Many seniors planning for the future may want to place their home in a trust for their children.

This is especially true if the house is paid off, and free and clear of a mortgage.

However, what would happen if the home were placed in a trust and the senior then decides to sell it?’s recent article entitled “Can I sell my house after I put it in a trust?” explains that there are two primary types of trusts: revocable and irrevocable.

The assets in a revocable trust avoid probate but stay in the grantor’s control. That is because you can always change the terms of the trust or terminate the trust. With a revocable trust, the terms can be altered or canceled at the direction of the grantor (also known as the trustmaker, settlor, or trustor) of the trust.

During the life of the trust, income earned is given to the grantor, and only after death does property transfer to the beneficiaries. Assets in a revocable trust are available to creditors and are subject to estate taxes upon death.

A grantor can be the trustee. In that way, the grantor continues to manage trust assets on a day-to-day basis.

In contrast, an irrevocable trust cannot be changed or altered once it is established. In fact, the trust itself becomes a legal entity that owns the assets placed in it. Because the grantor no longer personally controls those assets, there can be certain advantages and creditor protections.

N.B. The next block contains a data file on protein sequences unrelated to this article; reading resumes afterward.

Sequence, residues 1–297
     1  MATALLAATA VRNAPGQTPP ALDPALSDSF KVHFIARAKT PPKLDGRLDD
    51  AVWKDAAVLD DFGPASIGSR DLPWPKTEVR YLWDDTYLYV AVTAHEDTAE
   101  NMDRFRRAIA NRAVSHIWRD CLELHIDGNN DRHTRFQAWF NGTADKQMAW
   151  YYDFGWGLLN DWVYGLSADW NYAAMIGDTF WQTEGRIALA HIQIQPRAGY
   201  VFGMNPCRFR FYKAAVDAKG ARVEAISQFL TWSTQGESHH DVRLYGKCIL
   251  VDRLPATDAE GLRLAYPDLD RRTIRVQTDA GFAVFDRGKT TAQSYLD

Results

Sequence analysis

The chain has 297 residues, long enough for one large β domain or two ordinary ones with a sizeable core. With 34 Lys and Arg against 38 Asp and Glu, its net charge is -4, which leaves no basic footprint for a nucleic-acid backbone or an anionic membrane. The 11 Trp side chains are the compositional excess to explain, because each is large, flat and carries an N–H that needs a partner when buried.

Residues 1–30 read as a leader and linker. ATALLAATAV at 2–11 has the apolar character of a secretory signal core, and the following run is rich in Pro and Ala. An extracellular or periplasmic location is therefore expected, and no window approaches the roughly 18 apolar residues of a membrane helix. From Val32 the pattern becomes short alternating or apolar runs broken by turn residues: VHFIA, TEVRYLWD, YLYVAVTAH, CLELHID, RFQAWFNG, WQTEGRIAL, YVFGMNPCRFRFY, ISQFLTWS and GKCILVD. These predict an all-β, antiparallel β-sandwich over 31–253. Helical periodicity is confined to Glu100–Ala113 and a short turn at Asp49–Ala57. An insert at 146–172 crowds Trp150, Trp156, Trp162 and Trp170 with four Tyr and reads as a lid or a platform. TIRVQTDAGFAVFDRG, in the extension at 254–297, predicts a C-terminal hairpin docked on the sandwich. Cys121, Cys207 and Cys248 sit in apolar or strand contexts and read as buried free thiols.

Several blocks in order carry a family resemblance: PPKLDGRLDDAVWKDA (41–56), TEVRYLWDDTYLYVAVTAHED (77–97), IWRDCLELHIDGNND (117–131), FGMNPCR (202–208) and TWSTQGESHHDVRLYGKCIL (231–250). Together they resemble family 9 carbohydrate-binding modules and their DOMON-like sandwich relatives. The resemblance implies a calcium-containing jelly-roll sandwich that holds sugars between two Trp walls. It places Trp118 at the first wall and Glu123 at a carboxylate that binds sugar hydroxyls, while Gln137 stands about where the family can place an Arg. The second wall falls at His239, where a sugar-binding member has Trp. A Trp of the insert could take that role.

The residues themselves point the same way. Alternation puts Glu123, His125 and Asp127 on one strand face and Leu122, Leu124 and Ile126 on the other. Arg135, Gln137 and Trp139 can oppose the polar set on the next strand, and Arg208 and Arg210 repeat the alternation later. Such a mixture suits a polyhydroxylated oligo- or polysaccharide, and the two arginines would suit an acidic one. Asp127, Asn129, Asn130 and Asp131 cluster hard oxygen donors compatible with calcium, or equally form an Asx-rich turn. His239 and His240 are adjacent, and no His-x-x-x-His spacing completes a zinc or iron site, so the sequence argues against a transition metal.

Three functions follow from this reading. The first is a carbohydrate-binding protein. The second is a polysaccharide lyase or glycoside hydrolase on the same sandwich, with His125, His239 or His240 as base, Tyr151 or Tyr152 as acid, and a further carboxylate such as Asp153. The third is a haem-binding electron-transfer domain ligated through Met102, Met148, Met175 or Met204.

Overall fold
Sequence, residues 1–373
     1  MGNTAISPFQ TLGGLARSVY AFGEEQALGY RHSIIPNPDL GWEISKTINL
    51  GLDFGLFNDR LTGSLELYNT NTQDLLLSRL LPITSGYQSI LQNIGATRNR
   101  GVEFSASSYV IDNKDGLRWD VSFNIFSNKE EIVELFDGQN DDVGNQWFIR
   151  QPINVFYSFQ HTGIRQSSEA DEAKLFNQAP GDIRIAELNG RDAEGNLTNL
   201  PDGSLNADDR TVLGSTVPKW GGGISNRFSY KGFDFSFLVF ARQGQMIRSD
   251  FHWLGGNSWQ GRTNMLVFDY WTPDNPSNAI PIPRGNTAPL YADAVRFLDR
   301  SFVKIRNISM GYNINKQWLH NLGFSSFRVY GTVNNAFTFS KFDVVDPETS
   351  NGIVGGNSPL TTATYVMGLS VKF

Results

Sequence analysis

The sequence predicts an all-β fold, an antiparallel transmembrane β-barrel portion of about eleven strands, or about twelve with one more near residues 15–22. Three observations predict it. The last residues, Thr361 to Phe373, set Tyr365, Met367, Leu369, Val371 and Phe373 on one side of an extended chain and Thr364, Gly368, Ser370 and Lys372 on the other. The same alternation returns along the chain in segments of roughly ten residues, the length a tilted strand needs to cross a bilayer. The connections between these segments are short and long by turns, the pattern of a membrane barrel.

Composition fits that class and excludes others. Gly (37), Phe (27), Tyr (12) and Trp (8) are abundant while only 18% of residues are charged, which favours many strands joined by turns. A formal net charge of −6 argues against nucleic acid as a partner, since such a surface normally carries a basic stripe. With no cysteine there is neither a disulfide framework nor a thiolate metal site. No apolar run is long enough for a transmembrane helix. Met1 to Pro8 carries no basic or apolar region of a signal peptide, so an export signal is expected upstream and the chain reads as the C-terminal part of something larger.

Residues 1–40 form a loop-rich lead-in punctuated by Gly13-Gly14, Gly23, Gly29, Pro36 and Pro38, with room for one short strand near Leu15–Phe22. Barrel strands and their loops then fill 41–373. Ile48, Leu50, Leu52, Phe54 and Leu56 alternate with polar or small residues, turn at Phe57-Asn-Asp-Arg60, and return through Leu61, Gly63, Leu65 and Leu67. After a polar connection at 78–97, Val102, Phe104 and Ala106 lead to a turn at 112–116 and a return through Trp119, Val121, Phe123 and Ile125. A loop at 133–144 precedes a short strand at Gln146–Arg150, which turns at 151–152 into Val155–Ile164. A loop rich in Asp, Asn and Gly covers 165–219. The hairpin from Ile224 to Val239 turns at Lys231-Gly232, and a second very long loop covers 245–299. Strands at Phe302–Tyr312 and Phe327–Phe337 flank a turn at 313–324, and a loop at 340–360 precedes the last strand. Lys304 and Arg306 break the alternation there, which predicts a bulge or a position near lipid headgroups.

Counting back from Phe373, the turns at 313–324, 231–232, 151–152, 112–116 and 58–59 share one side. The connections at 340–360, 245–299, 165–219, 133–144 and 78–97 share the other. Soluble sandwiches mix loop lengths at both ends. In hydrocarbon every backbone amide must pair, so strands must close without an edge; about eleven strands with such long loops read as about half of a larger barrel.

Because they can’t be changed by the grantor, each irrevocable trust is designed with a highly specific purpose in mind. Put another way, no one irrevocable trust can accomplish every estate planning goal.

For example, a traditional non-grantor irrevocable trust is best used for transferring high-value assets that could cause gift or estate tax issues in the future.

But an irrevocable Medicaid Asset Protection Trust is better for the typical senior who wants to protect their home and life savings from nursing home expenses while still getting certain tax benefits that occur when a loved one inherits those assets.

The article says a revocable trust may be the best answer. But that doesn’t really give the entire picture.

In both revocable and irrevocable trusts, the terms of the trust agreement will dictate the rights of the grantor and beneficiaries. As a result, you can include language to make sure you are still able to live in the home, retain certain tax benefits when you or your trustee sell it, and dispose of it as you want upon death.

You just have to be careful to include the right terms in the trust agreement.

Trusts are very complicated, so in any situation consult with an experienced estate planning attorney about whether to use a trust and to make certain that you create the best trust for your specific situation.

Reference: (Feb. 25, 2022) “Can I sell my house after I put it in a trust?”